After the breakout critical success of Mandolin Orange’s 2013 Yep Roc debut, This Side of Jordan, you’d be forgiven for expecting the classic “road record.” Instead, the North Carolina duo of Andrew Marlin and Emily Frantz have crafted Such Jubilee, a gorgeous, deeply moving about album about home.
“When you’re gone so much, you start realizing what you have and what’s waiting for you,” explains Marlin. “You realize this there’s place to come back to at the end of the journey. The road has been good to Mandolin Orange since releasing This Side of Jordan. NPR called the album “effortless and beautiful,” naming it one of the year’s best folk/Americana releases, while Magnet dubbed it “magnificent.” It earned them performances everywhere from the iconic Newport Folk Festival to Pickathon, as well as tours with Willie Watson, Gregory Alan Isakov, The Wood Brothers, and more.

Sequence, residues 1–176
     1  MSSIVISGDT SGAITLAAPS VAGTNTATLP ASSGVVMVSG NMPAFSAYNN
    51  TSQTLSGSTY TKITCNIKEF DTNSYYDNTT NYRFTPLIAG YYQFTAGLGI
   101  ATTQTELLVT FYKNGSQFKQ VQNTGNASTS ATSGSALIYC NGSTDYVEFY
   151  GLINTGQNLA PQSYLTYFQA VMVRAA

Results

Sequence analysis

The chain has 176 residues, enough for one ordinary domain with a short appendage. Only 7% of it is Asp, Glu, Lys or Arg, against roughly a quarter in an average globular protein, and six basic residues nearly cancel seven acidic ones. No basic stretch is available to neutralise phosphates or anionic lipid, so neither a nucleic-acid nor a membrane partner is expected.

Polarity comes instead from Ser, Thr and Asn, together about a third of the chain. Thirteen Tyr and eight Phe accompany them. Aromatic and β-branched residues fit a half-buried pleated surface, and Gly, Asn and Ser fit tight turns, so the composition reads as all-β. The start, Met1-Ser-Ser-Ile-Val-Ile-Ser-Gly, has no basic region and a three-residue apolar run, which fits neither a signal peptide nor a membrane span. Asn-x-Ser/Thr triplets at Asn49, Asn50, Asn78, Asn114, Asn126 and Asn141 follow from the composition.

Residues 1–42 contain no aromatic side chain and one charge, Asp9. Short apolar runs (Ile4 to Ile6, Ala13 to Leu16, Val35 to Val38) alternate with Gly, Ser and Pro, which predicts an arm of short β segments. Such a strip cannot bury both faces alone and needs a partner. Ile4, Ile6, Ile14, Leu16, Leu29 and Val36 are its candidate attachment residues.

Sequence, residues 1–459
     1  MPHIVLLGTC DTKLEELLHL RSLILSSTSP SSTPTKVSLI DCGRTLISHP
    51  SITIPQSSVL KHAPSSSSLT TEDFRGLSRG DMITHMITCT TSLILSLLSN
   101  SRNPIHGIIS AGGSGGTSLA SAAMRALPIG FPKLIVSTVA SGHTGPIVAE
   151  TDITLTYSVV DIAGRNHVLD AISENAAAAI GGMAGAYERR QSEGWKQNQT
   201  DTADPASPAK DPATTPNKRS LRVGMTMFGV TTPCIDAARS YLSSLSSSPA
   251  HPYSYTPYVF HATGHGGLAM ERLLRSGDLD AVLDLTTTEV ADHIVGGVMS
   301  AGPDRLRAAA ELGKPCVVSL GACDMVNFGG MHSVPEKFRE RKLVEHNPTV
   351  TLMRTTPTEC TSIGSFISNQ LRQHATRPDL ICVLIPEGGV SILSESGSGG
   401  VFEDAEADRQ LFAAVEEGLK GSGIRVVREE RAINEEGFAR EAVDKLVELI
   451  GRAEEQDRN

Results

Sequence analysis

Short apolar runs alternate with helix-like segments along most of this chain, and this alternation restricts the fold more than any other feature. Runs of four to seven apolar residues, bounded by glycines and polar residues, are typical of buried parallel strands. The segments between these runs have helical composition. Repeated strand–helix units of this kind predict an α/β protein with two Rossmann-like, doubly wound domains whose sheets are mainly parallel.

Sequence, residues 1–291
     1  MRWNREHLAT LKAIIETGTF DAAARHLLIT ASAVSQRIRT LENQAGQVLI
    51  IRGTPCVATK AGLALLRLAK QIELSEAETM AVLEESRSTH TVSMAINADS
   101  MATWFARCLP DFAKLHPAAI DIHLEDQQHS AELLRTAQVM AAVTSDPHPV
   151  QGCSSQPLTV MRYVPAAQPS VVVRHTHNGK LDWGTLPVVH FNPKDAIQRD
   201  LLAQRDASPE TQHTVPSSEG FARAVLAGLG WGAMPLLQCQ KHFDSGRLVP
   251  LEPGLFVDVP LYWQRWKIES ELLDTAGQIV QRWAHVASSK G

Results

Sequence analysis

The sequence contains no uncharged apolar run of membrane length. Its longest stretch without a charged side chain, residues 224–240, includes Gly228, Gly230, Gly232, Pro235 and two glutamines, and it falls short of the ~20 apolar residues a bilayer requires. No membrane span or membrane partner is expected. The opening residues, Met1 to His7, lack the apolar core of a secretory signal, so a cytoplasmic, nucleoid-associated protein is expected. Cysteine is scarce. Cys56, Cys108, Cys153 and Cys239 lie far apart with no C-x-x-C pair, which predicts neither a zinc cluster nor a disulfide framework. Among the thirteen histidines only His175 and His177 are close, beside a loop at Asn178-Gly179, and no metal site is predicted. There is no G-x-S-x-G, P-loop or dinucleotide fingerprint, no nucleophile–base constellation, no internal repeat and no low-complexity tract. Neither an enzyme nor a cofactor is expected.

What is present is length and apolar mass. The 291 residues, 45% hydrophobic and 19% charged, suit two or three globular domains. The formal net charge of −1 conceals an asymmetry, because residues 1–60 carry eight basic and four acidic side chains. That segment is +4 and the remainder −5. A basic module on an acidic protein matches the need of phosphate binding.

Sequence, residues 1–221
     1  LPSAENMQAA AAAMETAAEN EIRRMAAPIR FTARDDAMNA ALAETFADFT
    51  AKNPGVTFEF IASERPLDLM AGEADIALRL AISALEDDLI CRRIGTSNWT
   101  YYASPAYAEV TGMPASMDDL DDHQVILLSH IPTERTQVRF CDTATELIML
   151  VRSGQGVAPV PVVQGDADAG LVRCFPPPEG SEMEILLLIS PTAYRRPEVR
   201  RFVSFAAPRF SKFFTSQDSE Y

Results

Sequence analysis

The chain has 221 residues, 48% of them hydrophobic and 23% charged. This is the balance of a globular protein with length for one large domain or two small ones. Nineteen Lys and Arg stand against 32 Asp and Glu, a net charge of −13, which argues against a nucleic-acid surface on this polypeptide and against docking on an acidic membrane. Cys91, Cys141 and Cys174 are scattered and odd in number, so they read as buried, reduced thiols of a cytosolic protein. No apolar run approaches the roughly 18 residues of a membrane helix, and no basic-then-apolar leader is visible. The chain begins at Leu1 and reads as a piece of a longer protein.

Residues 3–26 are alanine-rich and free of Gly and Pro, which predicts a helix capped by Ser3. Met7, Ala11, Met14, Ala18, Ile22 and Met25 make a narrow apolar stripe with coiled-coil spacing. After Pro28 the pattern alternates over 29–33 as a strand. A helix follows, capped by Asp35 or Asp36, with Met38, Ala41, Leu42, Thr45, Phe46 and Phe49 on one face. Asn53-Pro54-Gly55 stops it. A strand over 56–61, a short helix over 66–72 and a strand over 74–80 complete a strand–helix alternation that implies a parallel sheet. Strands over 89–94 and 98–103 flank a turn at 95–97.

For the Such Jubilee sessions, Marlin and Frantz set up facing each other in Asheville’s Echo Mountain studio to capture the undeniable chemistry of their live performances. On “Settled Down,” Marlin looks at what it takes to find that nearly-telepathic level of comfort in a relationship, while “Daylight” looks for peace in long-term companionship, and “That Wrecking Ball” meditates on the sometimes ravaging passage of time. Not all of the songs are purely introspective, though, as “Jump Mountain Blues” brings to life a haunting Native American legend, and the ambitious “Blue Ruin” was penned in response to the horrific violence at Sandy Hook.
Such Jubilee is a record about home, both the place and the idea. Some days it’s a safe, warm, loving refuge from the world outside. Other days it’s cold and empty and too quiet. Either way, it’s always waiting for you at the end of the road.